mutations, similar to reports from previous case series in which 68–79% of participants with deletions exhibited this trait [Clarke and Marston, 2000
; Kara et al., 2008
Mouthing of objects, although not often reported in case series, is said to occur in fewer than 80% of AS individuals [Williams et al., 2006
]. However, it was reported in 95% of our participants, including 99% of those with a deletion. This difference may be due to the fact that the overall age of our subjects is younger than that of previous studies.
To assess the specificity of the various behavioral characteristics in AS, some authors have compared the prevalence of specific behavioral traits in individuals with AS to those with other intellectual disability syndromes. AS individuals were found to exhibit more mouthing behavior, hand-flapping, excitability, and had shorter attention span, and were more cheerful and less anxious, than those with Down syndrome and Prader–Willi syndrome [Walz and Benson, 2002
]. Comparing AS individuals with deletions and UPD/imprinting defects to individuals with moderate or profound “intellectual disability,” Barry et al., found that significantly more AS individuals had mouthing behavior (76% vs. 43%) and sleep disturbances than the control group (68% vs. 26%), but significantly fewer AS individuals had short attention span compared to the control group (46% vs. 74%); there was no significant difference in the prevalence of “laughs or giggles for no obvious reasons” between AS individuals and the control group (49.2% vs. 49.6%) [Barry et al., 2005
]. However, individuals with UPD/imprinting defects were over-represented (29%) in their cohort, and their control group was heterogeneous by design. A more recent study showed that individuals with AS had a stronger preference for, and attraction to, water-related activities compared to individuals with Down syndrome and those with “non-specific intellectual disability” [Didden et al., 2008
We propose that the clinical suspicion for AS should be based on the neurobehavioral phenotype rather than specific dysmorphic features. The mid-face hypoplasia and prognathism depicted in standard textbooks were observed in fewer than 30% of our participants [Jones, 2006
], and may be more characteristic of older individuals. Although behavioral attributes are often subjective and lack standardized operational definitions, identifying a “behavioral phenotype” can be useful for the diagnosis of some genetic syndromes such as Williams syndrome and Prader–Willi syndrome [Dykens, 1995
; Finegan, 1998
; Cassidy and Morris, 2002
]. Our data, together with the findings of the comparative studies described above, suggest that the constellation of mouthing behavior, sleep difficulties, and fascination with water in a child with developmental delay, absent or minimal speech development, abnormal EEG, and an ataxic or broad-based gait should raise the suspicion for AS. More importantly, the absence of seizures or the lack of easily provoked or “inappropriate” laughter should not discourage consideration of this diagnosis. A few studies have suggested that the phenotypic features of AS change with age such that facial features become more prominent (though wide-spaced teeth become less common), and the attention span and sleep difficulties improve, but the fascination with water and EEG abnormalities persist [Buntinx et al., 1995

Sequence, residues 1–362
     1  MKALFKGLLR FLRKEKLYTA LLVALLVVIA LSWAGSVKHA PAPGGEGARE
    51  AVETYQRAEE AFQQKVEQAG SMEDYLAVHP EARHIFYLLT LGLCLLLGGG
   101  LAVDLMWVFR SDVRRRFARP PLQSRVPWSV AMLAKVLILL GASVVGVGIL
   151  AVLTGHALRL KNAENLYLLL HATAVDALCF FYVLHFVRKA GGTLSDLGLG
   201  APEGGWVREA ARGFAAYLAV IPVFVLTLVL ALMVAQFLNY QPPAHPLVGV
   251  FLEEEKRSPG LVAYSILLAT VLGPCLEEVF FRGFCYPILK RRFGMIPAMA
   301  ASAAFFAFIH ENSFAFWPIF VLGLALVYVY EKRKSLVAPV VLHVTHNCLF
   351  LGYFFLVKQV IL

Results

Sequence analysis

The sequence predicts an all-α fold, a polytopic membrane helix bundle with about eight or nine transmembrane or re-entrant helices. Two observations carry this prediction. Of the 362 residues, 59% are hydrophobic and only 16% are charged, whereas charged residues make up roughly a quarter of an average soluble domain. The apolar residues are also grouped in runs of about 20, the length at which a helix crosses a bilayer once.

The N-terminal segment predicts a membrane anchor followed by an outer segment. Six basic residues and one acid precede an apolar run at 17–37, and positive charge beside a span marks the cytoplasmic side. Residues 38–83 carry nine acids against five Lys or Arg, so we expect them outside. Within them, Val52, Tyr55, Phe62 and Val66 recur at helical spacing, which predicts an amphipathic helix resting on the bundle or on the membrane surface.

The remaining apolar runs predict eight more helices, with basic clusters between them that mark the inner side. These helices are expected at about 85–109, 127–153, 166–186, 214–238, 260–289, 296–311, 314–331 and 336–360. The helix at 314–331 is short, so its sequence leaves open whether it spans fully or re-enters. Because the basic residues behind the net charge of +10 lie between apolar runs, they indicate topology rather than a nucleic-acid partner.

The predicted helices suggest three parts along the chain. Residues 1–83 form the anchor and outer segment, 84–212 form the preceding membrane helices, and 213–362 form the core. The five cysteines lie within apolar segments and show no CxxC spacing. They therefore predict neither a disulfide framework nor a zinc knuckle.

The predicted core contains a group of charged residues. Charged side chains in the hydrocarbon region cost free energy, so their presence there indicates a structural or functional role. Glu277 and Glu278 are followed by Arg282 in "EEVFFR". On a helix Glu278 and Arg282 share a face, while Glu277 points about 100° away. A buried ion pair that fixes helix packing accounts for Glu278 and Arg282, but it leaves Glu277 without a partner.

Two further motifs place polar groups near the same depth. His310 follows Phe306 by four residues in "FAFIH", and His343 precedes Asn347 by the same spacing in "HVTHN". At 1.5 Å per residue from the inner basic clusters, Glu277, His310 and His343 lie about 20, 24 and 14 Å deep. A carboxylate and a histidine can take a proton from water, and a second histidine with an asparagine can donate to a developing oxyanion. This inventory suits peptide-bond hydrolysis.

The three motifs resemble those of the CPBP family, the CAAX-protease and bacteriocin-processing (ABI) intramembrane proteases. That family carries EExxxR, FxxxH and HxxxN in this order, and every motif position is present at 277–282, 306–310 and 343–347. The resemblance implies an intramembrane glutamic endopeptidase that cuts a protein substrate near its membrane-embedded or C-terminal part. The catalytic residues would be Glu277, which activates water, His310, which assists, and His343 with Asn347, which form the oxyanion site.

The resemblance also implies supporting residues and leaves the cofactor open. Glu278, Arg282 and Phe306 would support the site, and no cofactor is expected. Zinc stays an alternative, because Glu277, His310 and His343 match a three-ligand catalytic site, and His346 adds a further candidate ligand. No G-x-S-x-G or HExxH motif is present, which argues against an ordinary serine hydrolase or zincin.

; Laan et al., 1996
; Smith, 2001
]. In our cohort, participants with deletions were significantly younger than those in the non-deletion subclasses; however, other than having a higher prevalence of mouthing behaviors and lighter skin or hair color, and being less heavy and more microcephalic, there were no significant differences in the physical and behavioral traits between the deletion and the non-deletion subclasses.
The clinical phenotype of AS in the older individuals remains poorly defined, and it is hoped that as an increasing number of adults with AS enroll in natural history studies, we will learn more about these individuals and provide them with the most appropriate medical care. For example, although the majority of the participants in our cohort who were ambulatory had an ataxic or broad-based gait, we could assess this trait in only 41/92 (45%) of the participants because the rest had yet to develop the ability to walk. There is also a need to study greater numbers of individuals with the non-deletion subclasses to better understand the genotype–phenotype correlations in AS, as illustrated by the limited precision of our analyses.
In summary, we hope that this broad overview of the clinical features of AS will assist general pediatricians and pediatric sub-specialists in identifying young children with AS, leading to earlier diagnoses and interventions. Having a definitive diagnosis could help these children obtain more intensive services through Early Intervention and other programs, thereby maximizing their developmental potential. It would also enable their parents and other family members to receive appropriate genetic counseling for future pregnancies. Healthcare providers should also be aware that children with AS due to UPD/imprinting defects are at risk of obesity and its complications.